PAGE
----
A physician may measure the size of a patient's aorta (or other blood vessel) to determine the appropriately sized connector, conduit, valve, cutting device (e.g., coring device), tube, and/or other tools for implanting a cardiovascular conduit system. Various examples of cutting devices and valves are illustrated and described in U.S. patent application Ser. No. 12/340,431, filed on Dec. 19, 2008, and entitled “Systems, Apparatuses, and Methods for Cardiovascular Cutting Devices and Valves, ” the disclosure of which is incorporated in its entirety by this reference.

Blood vessels may be any veins or arteries in a cardiovascular system. Blood vessel measuring devices disclosed herein may be designed to measure large blood vessels such as the aorta and/or the pulmonary artery. Blood vessel measuring devices may also be designed to measure various other blood vessels.

FIG. 2 illustrates a blood vessel measuring device 100. Blood vessel measuring device 100 may include a handle 110, an extension 120, a connector 130, and a circular measuring member 140. Measuring member 140 may include measuring marks 142, which may be in increments of centimeters, inches, or any other suitable measurement unit. A physician may use measuring marks 142 to determine the circumference of a patient's blood vessel. Thus, measuring marks 142 may be referred to as circumferential measuring marks. A physician may determine the circumference of a patient's blood vessel by positioning measuring member 140 around a patient's aorta and reading measuring marks 142, as will be discussed in the disclosure corresponding to FIGS. 3-6.

Handle 110 may be attached to extension 120, and extension 120 may be attached to connector 130, as shown in FIG. 2. In other embodiments, handle 110 may be directly attached to connector 130 or measuring member 140. Handle 110 may be any suitable shape and/or size. According to some embodiments, handle 110 may be ergonomically shaped for optimal surgeon control and comfort. Handle 110 may be made of any suitable material. In some embodiments, handle 110 may be brightly colored to help the physician see and guide blood vessel measuring device 100 during a procedure. Handle 110 may be textured to provide slip resistance. In some embodiments, handle 110 may be made of a shape memory material that allows handle 110 to be flexible, which may help a physician properly position blood vessel measuring device 100 for measuring a patient's aorta or other blood vessel.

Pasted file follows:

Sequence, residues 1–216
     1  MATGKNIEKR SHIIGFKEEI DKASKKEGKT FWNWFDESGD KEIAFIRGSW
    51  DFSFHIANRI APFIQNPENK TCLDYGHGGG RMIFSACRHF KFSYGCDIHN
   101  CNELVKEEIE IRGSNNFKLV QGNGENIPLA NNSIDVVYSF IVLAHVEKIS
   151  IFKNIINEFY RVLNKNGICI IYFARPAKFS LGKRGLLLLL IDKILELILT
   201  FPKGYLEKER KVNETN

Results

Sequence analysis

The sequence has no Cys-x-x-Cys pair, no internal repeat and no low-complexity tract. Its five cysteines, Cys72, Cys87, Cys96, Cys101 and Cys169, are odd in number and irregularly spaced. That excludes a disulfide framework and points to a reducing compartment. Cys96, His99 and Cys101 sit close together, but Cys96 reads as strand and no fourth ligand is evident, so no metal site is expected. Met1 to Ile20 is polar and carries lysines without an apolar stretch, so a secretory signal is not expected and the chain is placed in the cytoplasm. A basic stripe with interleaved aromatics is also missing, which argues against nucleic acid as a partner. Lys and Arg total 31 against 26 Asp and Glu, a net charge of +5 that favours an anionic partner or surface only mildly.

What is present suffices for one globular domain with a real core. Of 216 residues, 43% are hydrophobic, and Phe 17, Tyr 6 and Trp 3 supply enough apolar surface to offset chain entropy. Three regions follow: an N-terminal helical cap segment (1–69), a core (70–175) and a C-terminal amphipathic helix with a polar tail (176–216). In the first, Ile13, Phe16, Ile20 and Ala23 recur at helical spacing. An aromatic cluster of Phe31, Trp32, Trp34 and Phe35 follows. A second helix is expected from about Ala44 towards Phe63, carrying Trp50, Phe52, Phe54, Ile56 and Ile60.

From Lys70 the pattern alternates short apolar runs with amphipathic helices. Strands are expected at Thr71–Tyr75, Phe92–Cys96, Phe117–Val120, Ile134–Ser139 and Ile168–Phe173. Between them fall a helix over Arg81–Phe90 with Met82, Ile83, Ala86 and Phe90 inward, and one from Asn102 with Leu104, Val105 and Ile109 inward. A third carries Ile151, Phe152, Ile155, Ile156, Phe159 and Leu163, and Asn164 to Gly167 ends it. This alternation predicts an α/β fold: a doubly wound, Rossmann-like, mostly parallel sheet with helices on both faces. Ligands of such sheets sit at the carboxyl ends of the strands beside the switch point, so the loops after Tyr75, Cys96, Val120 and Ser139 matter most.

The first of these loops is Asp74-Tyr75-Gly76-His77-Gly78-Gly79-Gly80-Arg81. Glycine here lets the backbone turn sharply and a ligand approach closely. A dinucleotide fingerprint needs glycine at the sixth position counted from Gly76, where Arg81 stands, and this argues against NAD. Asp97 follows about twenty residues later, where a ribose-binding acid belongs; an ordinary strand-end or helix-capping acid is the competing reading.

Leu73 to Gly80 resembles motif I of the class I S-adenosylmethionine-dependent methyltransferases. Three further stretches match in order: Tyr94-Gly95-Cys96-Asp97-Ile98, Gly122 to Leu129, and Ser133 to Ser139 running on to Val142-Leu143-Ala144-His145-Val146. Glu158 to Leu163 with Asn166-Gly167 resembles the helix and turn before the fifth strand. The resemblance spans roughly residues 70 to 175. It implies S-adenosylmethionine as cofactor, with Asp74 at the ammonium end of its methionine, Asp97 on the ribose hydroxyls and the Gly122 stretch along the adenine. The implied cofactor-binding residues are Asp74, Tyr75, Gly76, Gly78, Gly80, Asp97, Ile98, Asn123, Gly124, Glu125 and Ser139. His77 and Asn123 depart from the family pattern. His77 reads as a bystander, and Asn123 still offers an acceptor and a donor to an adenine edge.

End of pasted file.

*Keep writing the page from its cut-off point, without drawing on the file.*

As previously noted, extension 120 may attach handle 110 to connector 130. Extension 120 may be a rod, bar, or shaft of any suitable shape and/or size. Extension 120 may be made of a shape memory material or any other suitable material. Shape memory materials may include shape memory alloys, which may also be referred to as smart alloys or memory metals. A shape memory material may be a copper-zinc-aluminum alloy, a copper-aluminum-nickel alloy, a nickel-titanium alloy (e.g., NITINOL), or any other suitable shape memory alloy. The flexibility of extension 120 may help a physician properly position blood vessel measuring device 100 for measuring a blood vessel.

FIG. 2 shows that connector 130 may attach extension 120 to an end 141 of measuring member 140. An end 143 of measuring member 140 may extend through an opening 132 in connector 110. Opening 132 may help a physician determine the circumference of a blood vessel. For example, a physician may determine a circumference of the blood vessel by reading the measuring mark on end 143 that is closest to opening 132. The measuring member 140 may be oriented perpendicular to a longitudinal dimension of the extension 120 and the handle 110 as shown in FIGS. 2-6. When the measuring member 140 wraps around a blood vessel as shown in FIGS. 5 and 6, the extension 120 and handle 110 are generally aligned parallel with a longitudinal dimension of the blood vessel.

Measuring member 140 may be a measuring tape or any other suitable measuring device. Measuring member 140 may be semi-rigid and may be made of any suitable material, including plastic or metal. Measuring member 140 may also be made of a shape memory material. In some embodiments, measuring member 140 may be reinforced with plastic or metal inserts to provide additional rigidity. The rigidity of measuring member 140 may help measuring member 140 return from an open position (i.e., a position where end 143 is pulled out of opening 132 and away from connector 130) to a closed position (i.e., a position where end 143 passes through opening 132).